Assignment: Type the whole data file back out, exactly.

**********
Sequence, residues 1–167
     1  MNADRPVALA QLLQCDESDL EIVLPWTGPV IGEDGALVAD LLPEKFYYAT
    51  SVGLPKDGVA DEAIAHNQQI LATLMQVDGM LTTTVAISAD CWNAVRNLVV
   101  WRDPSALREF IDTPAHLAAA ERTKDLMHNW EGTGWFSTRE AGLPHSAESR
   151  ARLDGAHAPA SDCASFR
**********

Sequence, residues 1–167
     1  MNADRPVALA QLLQCDESDL EIVLPWTGPV IGEDGALVAD LLPEKFYYAT
    51  SVGLPKDGVA DEAIAHNQQI LATLMQVDGM LTTTVAISAD CWNAVRNLVV
   101  WRDPSALREF IDTPAHLAAA ERTKDLMHNW EGTGWFSTRE AGLPHSAESR
   151  ARLDGAHAPA SDCASFR